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Querying Pyre

Pyre has a subcommand called query allows you to hook into a Pyre server and get type-related information without having to run a full type check.

This allows you, for instance, to get the type of an expression at a certain line and column, check whether a type is a subtype of the other, or get the list of methods for a class.

To get started, set up a server with pyre or pyre start. The rest of this page goes through the various query options with examples. You can also run pyre query help to see a full list of available queries to the Pyre server.

Note: The responses in the examples are prettified using the pyre query <query> | python -m json.tool pattern.

Supported Queries#


The command attributes gives you the list of attributes for a class.

# a.pyclass C:    a: int = 2    def foo(self) -> str:        return ""
$ pyre query "attributes(a.C)"{    "response": {        "attributes": [            {                "annotation": "int",                "name": "a"            },            {                "annotation": "typing.Callable([[], str]",                "name": "foo"            }        ]    }}


The command callees returns a list of all calls from a given function, including locations if using callees_from_location.

# a.pydef foo() -> None: passdef bar() -> None:    foo()
$ pyre query "callees("{    "response": {        "callees": [            {                "kind": "function",                "target": ""            }        ]    }}
$ pyre query "callees_with_location("{    "response": {        "callees": [            {                "locations": [                    {                        "path": "",                        "start": {                            "line": 6,                            "column": 5                        },                        "stop": {                            "line": 6,                            "column": 8                        }                    }                ],                "kind": "function",                "target": ""            }        ]    }}


The command defines returns all function and method definitions for a given module or class.

# a.pyclass C:    a: int = 2    def foo(self) -> str:        return ""
def bar() -> None: pass
$ pyre query "defines(a.C)"{    "response": [        {            "name": "",            "parameters": [                {                    "name": "self",                    "annotation": null                }            ],            "return_annotation": "str"        }    ]}
$ pyre query "defines(a)"{    "response": [        {            "name": "",            "parameters": [                {                    "name": "self",                    "annotation": null                }            ],            "return_annotation": "str"        },        {            "name": "",            "parameters": [],            "return_annotation": "None"        }    ]}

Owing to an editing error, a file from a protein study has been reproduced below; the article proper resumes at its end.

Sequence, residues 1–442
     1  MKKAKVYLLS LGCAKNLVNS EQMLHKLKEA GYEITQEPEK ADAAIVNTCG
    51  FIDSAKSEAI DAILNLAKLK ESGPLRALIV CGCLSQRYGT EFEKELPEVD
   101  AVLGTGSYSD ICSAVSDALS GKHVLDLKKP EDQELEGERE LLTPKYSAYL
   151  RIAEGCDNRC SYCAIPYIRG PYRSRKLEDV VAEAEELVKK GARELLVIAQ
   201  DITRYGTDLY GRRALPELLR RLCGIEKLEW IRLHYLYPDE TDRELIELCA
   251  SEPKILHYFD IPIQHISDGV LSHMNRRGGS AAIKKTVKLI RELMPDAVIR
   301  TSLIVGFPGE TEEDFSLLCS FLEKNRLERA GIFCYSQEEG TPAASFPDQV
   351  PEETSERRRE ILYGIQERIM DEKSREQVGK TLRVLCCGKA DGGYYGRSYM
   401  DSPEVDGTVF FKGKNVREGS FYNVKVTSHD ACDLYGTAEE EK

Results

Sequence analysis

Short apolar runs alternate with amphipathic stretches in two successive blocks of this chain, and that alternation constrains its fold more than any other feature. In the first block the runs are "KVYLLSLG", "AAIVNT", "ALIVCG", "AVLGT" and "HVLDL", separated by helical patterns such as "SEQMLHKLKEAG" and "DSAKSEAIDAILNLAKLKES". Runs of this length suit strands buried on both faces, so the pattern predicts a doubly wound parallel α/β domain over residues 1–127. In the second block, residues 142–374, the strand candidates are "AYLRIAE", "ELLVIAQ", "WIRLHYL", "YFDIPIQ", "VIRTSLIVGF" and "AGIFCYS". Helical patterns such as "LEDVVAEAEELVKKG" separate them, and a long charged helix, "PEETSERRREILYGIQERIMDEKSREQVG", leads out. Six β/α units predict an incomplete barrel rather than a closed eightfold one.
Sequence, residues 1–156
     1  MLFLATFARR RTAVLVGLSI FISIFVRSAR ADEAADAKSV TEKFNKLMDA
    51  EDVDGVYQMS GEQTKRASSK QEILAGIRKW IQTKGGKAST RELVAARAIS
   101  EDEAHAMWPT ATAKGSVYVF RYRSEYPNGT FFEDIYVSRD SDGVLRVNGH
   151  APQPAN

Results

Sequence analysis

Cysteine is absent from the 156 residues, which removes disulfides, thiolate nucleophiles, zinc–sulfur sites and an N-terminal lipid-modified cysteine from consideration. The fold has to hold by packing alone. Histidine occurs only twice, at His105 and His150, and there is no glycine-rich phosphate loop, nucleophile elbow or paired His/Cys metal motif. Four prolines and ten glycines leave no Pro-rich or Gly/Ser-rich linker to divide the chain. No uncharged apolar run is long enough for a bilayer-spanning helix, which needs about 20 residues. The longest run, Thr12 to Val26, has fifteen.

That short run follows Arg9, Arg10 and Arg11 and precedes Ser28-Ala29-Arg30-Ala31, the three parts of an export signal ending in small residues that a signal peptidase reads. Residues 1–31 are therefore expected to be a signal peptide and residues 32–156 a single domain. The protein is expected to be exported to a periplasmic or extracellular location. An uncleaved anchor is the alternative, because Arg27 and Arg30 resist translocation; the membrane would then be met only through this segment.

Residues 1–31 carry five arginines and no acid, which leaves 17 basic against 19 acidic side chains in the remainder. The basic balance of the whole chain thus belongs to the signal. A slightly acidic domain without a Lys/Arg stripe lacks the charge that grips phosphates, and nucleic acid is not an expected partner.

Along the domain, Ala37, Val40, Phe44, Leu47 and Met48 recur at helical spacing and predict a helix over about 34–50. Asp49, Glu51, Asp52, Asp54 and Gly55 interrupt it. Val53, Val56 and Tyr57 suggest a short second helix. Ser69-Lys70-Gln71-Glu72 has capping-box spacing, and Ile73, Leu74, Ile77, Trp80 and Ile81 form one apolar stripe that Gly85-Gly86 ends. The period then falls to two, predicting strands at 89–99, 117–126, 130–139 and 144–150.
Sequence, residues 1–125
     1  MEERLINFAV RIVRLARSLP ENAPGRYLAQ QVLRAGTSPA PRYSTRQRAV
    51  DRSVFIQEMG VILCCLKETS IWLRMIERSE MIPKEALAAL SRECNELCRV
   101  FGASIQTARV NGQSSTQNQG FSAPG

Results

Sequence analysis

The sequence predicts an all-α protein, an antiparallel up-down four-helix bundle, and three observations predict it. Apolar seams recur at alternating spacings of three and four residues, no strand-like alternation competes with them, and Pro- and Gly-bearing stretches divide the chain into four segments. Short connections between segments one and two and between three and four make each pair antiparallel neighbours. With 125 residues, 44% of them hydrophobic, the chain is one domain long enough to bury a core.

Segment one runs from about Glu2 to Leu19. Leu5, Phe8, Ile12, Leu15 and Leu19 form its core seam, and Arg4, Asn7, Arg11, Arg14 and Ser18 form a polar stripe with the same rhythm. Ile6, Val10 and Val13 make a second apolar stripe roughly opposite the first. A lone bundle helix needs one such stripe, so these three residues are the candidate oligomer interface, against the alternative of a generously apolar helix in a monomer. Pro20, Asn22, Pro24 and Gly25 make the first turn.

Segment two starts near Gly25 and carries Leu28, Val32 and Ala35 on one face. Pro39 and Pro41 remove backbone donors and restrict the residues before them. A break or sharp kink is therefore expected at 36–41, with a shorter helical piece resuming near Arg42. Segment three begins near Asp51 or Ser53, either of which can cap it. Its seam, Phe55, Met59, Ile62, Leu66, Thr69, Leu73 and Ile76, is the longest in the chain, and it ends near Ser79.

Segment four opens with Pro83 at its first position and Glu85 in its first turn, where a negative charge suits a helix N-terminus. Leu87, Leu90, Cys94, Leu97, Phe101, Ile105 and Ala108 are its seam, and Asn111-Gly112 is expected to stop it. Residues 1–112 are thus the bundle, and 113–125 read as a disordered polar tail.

Dump call graph#

The command dump_call_graph() returns a comprehensive JSON mapping each call to a list of callees.

Dump class hierarchy#

The command dump_class_hierarchy() returns the entire class hierarchy as Pyre understands it; elides type variables.

Less or equal#

The command less_or_equal returns whether the type on the left can be used when the type on the right is expected.

# a.pyclass C:  pass
class D(C):  pass
$ pyre query "less_or_equal(a.D, a.C)"{"response":{"boolean":true}}
$ pyre query "less_or_equal(a.C, a.D)"{"response":{"boolean":true}}

Path of module#

The command path_of_module returns the full absolute path for a given module.

$ pyre query "path_of_module(module_name)"{    "response": {        "path": "/Users/user/my_project/"    }}

Save server state#

The command save_server_state saves the server's serialized state into the given path, which can the be used to start up the identical server without re-analyzing all project files.

$ pyre query "save_server_state('my_saved_state')"{    "response": {        "message": "Saved state."    }}$ pyre stop$ pyre --load-initial-state-from my_saved_state start


The command superclasses returns the superclasses of given class names.

$ pyre query "superclasses(int, str)"{    "response": [        {            "int": [                "complex",                "float",                "numbers.Complex",                "numbers.Integral",                "numbers.Number",                "numbers.Rational",                "numbers.Real",                "object",                "typing.Generic",                "typing.Protocol",                "typing.SupportsFloat"            ]        },        {            "str": [                "object",                "typing.Collection",                "typing.Container",                "typing.Generic",                "typing.Iterable",                "typing.Protocol",                "typing.Reversible",                "typing.Sequence"            ]        }    ]}